POSSESSION's dawning goes all the way back to 1991, when vocalist Nyk Edinger and drummer Shane Goade approached Shayne Scholl about creating music that would make lasting impact in the metal world. From the outset, the music was meant to be war machine intense while bound together by addictive hooks from which listeners would never be able to totally free themselves. Lyrical themes set out to breathe new life into concepts such as spiritual strife and obsession with the occult with a vocal range that virtually defined the band's identity.
“Have No Fear” was but the very first “manifestation”, shall we say? Two other even more ambitious compositions were written, and the band were scheduled to make a studio recording in August of that same year. It never happened. Shayne, in one swift stroke of supreme idiocy, mashed his left hand in a machine and had to have it completely cut it off.
Five days later a bass player joined. He wasn't very good, but neither was Shayne... now. The only way to turn two negatives into a positive was to pick a very easy song to learn, King Diamond's “Haunted”, and challenge the would-be bass player to see who could learn it first. It didn't go well for the new guy. For Shayne, it was an important first step out of the abyss, and just like before, it wouldn't be learning to play that allowed him to compose. Rather, it would be composing that drove him to learn to play again.
Mike Vinson joined as second guitarist in the spring of 1992, and the two immediately began writing material. Mike was an amazing guitarist whose creativity paid no tribute to genre. One important aspect of his sound, however, was that he was left handed and played right-handed guitar, which, while giving him a powerful reign over the fret board, represented a farewell to “war machine intensity”. Even so, it's best to let the music do the talking on that matter. The two did not always see eye to eye musically, but what made them a strong duo was their constant willingness to make each other's ideas work.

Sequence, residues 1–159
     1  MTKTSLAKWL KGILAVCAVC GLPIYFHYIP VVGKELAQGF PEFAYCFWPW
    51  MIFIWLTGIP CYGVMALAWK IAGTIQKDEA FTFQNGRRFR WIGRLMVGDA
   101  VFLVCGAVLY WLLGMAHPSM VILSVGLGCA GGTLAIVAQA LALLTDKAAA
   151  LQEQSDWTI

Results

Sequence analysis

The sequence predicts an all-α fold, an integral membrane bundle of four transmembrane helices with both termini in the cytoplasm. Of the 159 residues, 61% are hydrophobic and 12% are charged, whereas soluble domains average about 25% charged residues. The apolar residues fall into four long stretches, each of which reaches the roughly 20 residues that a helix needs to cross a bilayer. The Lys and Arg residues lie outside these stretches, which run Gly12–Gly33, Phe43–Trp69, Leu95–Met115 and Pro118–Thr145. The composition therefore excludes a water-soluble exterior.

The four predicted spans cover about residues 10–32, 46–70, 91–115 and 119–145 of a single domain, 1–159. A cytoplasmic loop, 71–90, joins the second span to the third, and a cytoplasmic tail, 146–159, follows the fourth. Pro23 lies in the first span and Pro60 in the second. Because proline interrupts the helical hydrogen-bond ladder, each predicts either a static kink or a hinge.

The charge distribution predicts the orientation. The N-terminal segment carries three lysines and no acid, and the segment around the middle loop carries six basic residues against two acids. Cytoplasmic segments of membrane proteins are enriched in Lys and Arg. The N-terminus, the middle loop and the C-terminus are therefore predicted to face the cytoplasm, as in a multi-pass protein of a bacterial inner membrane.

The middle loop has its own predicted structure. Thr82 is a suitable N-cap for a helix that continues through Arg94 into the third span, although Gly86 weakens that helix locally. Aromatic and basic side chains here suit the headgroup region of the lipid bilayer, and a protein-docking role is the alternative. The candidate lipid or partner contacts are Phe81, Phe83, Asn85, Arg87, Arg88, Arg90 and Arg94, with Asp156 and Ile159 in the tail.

The four-piece entered the studio for the first time in late '92, salvaging “Have no Fear” from the ashes and presenting four new songs. Mike played the bass tracks. Mad Crazed & Violent was released in early '93 on cassette (remember those?).
Lance Whipple joined at this same time and the band immediately began playing live, to audiences that either loved it or were just left confounded. Of course, they'd heard heavy music before, but rarely anything original from their hometown, and never with the kind of vocal onslaught that Nyk delivered. It was Kansas City, during a tumultuous time when the local metal du jour in a land better known for country music and cows was transitioning from hairspray glam posers to the horrific hebetudinous of grunge. Possession forced blistering mayhem upon an unwitting populace, among whom only a select few understood that real metal is not about looking like girls, or like you live in a tent – it's about ripping heads off. It's not about being liked. It's about being hailed or hated, either of which means job well done.
Over the next four years the band self-financed and promoted three more releases, as well as recorded some rehearsal and non-released material, all of which are included in this 2-CD entitled "Disentombed Manifestations" to be released by Xtreem Music in August 2020.